This blog is about Memoir, about turning memories into words, building a portfolio of writing that can be used for a novel or non-fiction. All experience is fodder for literature. That’s why the crazy comp 101 English teachers told us: Write what you know. That can be intimidating when you realize you don’t know much of anything. That’s okay, take a deep breath, and let your mind go. Flash. That insignificant moment might just be the thing. The springboard that launches a thousand words.
So how did LH come to write her groundbreaking Raisin in the Sun? A native of the southside of Chicago her father moved the family into an all-white neighborhood called Woodlawn—and all-hell broke out. Eventually after firebombing and rocks through the windows the family moved out to one of her father’s other real estate ventures. But the memory never faded. And, after her father passed away, she surmised that the stress of that situation played a part in his death. His heart was broken.
Lorraine always wanted to be a writer and chose the path of journalism. She went to NYC to work at the Black activist newspaper Freedom where she wrote a column. In NYC she mingled with other great artists—an experience as 20-year-old that was better than an MFA. It’s hard to believe she didn’t have a degree. She graduated from the school of hard knocks.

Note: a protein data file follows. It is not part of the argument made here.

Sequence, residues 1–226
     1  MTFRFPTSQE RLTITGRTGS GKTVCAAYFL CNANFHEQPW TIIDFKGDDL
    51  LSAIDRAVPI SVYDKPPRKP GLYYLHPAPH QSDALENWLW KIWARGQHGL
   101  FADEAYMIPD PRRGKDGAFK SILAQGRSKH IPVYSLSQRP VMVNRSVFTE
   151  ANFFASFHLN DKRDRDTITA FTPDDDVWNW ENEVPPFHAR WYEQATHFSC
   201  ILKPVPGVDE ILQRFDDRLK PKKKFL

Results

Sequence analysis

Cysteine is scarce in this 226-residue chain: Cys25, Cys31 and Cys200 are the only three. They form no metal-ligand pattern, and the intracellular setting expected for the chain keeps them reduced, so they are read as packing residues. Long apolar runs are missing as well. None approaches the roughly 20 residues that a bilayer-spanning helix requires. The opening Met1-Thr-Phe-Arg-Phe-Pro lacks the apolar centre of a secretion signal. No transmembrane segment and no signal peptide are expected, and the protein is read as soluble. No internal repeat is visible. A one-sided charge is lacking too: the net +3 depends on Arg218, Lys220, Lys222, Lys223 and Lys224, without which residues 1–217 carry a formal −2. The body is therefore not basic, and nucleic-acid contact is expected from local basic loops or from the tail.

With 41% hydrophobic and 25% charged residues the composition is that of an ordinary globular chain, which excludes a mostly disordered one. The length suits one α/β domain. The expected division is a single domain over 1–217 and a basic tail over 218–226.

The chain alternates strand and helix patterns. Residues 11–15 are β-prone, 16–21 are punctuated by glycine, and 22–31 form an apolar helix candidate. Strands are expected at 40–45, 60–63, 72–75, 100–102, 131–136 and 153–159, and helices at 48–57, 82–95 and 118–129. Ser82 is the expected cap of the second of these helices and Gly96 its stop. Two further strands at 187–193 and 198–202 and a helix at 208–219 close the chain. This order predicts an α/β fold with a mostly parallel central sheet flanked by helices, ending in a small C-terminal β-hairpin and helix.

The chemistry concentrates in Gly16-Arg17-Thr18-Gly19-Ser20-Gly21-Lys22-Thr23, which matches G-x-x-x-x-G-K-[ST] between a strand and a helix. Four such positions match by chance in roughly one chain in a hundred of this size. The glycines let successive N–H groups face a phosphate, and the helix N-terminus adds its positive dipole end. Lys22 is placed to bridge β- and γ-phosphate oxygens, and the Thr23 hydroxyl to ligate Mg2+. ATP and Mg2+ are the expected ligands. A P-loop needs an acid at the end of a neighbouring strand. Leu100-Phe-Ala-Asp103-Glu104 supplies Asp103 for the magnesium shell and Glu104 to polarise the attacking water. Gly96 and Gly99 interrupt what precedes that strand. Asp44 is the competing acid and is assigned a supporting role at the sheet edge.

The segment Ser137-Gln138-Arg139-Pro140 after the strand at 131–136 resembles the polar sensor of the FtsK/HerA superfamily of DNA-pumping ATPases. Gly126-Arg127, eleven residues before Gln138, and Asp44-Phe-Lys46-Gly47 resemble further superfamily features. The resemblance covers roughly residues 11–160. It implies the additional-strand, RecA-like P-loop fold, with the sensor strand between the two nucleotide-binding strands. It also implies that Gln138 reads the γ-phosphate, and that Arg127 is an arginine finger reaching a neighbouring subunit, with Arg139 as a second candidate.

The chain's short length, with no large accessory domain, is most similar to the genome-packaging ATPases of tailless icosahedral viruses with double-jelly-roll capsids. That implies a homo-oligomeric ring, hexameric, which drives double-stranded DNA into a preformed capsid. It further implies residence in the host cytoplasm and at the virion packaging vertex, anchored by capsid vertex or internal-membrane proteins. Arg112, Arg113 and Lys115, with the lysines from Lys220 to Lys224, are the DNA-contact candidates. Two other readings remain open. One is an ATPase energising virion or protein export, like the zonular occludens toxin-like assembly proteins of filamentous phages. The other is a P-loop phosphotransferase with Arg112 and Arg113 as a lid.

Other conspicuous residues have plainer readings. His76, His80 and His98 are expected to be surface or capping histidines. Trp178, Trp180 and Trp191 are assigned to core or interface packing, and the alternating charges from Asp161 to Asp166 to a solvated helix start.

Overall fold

Hansberry wrote about all aspects of injustice. She advocated for women’s rights, gay rights. In 1959 she introduced Raisin in the Sun to Broadway. The 29-year-old author became the youngest American playwright and only the fifth woman to receive the New York Drama Critics Circle Award for Best Play. She was a bright star that burned itself out. A few years later she would be dead from pancreatic cancer.
I think I speak for all of us: I get a chill. A shame that such a young, vibrant, woman could be extinguished. We will never know all that she could have gone on to produce.